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Wall Street Journal / Biz - Money

How Do You Keep Your Bitcoin Safe?

While bitcoin does offer some advantages to users, it also creates serious challenges, like security. Here are some important points to understand before you invest.
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By

Paul Vigna

In recent days, there were reports of another hack in the world of bitcoin. While the digital currency does offer some advantages to users, it also creates serious challenges, like security. Here are some important points to understand before you invest.

Bitcoin is supposed to be like cash, so there is no requirement to have an identity attached to a transaction.Photo: Dan Kitwood/Getty Images

Q: I want to buy bitcoin, but I’m worried about security. What should I do?

Well, you could always avoid it.

Q: that is not the answer I wanted.

This isn’t for everybody. It is important to understand how bitcoin operates if you’re going to invest, and what the risks are.

Q: OK, so let me have them.

One big risk is the volatility. It is hard to ignore. But another fundamental one is this: if you lose your bitcoin, it is gone. If you get robbed, or lose control of your account, it is no different than if you lost a $5 bill.

Q: Why?

Bitcoin transactions are designed to be final upon completion. They get recorded in an open ledger, which can be updated but never altered. It is that quality—open and permanent—that allows bitcoin to operate without a bank or government controlling it.

Q: Wait, you said “open ledger.” So, I can see where my bitcoin went, right?

Yes.

Q: Then why can’t we get it back?

Since bitcoin is supposed to be like cash, there is no requirement to have an identity attached to a transaction. This is mainly to keep government from prying into your accounts, but it also ends up offering a cloak to malefactors. In some instances thieves can be found, but it isn’t easy.

Q: So if I get robbed I’m out of luck?

Basically, yes. This is why it is very critical to understand security. Your bitcoins will be only as safe as you can make them.

Q: How do I do that?

It depends upon how much control you want. Coinbase is a very popular service right now, and part of its appeal is that it maintains your account for you, just like a bank, and streamlines the security. But that means you’re trusting a third party. For some people, getting away from third-party control is the whole point of bitcoin.

Q: OK, assuming I want that, what do I do?

It starts with having two keys that control access to your wallet, one public and one private.

Q: My wallet?

It is a nickname for an online account. Every wallet is protected cryptographically with two “keys,” in this case long strings of numbers and letters. One is the public key, and it is like an email address. When you want to receive bitcoin, you give out this key. The other is the private key. This is what allows you to access your wallet, and to take money out of the wallet.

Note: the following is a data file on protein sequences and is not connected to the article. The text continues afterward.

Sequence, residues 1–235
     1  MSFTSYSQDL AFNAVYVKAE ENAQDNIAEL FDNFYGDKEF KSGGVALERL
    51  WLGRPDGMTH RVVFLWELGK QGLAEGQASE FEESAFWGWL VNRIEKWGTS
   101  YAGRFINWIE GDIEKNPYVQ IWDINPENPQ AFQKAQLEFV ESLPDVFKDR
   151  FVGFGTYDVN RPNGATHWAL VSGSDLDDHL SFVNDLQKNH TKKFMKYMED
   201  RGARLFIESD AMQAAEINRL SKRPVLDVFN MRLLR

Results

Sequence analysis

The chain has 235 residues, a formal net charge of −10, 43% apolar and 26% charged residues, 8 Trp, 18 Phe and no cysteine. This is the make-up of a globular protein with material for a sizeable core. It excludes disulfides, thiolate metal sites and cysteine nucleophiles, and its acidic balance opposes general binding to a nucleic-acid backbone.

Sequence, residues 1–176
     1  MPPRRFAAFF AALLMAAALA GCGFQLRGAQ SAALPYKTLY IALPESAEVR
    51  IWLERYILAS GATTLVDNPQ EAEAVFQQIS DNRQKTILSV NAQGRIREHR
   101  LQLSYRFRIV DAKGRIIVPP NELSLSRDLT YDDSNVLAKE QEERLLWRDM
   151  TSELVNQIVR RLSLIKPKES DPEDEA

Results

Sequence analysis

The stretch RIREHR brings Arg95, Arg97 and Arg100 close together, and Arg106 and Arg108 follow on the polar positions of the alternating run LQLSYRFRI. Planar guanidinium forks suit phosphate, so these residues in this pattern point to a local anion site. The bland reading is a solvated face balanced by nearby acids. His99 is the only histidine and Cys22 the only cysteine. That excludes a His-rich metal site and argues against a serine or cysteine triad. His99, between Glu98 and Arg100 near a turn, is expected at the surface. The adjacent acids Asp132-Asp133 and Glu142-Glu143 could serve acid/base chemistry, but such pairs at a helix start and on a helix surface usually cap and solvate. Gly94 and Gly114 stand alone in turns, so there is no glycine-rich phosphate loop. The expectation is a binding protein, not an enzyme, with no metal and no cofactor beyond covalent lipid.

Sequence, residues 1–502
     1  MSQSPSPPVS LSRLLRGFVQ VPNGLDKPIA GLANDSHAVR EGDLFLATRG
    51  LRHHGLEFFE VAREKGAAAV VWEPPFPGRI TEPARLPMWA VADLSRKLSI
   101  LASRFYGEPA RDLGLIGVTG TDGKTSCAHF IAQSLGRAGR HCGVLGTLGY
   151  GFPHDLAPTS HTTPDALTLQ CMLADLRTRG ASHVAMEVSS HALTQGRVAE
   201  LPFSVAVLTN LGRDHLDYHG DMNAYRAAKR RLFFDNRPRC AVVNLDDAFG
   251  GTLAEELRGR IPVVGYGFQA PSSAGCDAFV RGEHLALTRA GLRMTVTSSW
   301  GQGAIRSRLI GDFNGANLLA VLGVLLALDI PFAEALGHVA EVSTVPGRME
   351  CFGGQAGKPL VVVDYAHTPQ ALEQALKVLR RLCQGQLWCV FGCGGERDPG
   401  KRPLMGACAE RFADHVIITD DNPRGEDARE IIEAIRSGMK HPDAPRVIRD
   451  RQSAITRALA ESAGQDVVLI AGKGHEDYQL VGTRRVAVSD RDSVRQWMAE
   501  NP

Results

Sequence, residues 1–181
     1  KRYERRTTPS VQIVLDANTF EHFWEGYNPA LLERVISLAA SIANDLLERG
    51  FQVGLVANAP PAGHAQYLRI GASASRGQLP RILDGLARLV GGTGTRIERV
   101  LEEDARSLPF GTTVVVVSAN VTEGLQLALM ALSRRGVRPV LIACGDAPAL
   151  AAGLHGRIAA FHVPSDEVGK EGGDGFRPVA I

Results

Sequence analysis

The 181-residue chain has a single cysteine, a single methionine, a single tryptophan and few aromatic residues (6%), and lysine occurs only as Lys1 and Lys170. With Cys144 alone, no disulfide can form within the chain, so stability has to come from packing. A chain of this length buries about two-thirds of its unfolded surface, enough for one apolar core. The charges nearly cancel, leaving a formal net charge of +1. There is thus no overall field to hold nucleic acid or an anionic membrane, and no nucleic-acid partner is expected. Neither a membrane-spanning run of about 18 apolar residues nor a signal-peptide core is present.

Think of this like a password. Or a real key to a real lock. Anybody who gets that key can open the lock. You should store it someplace safe and never give it out.

A: Well, duh, of course. Why would I?

A lot of phishing schemes are predicated on clever ways to get you to give up your private key. It might look like an official email from your wallet provider, for instance. In reality, hacks and phishing scams in bitcoin aren’t much different from the real world. It is all about either gaining access by brute force (hacks) or by manipulation (phishing).

Mobile phones are acutely vulnerable. Some hackers have realized they can trick phone-service providers into porting your phone number over to a new phone—one they control. After that, they can start resetting your passwords and cracking into any accounts you have on that phone—because the phone number often acts as the backup access point.

This can and has happened to even sophisticated bitcoin holders. Some services, like Coinbase, have advised customers to use Google Authenticator as their backup access.

Q: So what do I do?

Some users keep their accounts on devices that aren’t their phones, for one thing. Some are “hardware wallets,” such as USB sticks with the software for a wallet loaded on. You would transfer the balance onto the stick, detach it, and you’re done.

Q: And that is totally safe?

Not totally. If you lose the stick, it is the same as losing cash. The money’s gone forever. It happens. There are estimates that 3-4 million coins have been lost forever because users lost the USB stick, or the private key, or something similar. At current prices, that is at least $45 billion of wealth that is completely lost in the ether.

Q: Sounds risky.

Like we said, this isn’t for everybody.

Write to Paul Vigna at paul.vigna@wsj.com

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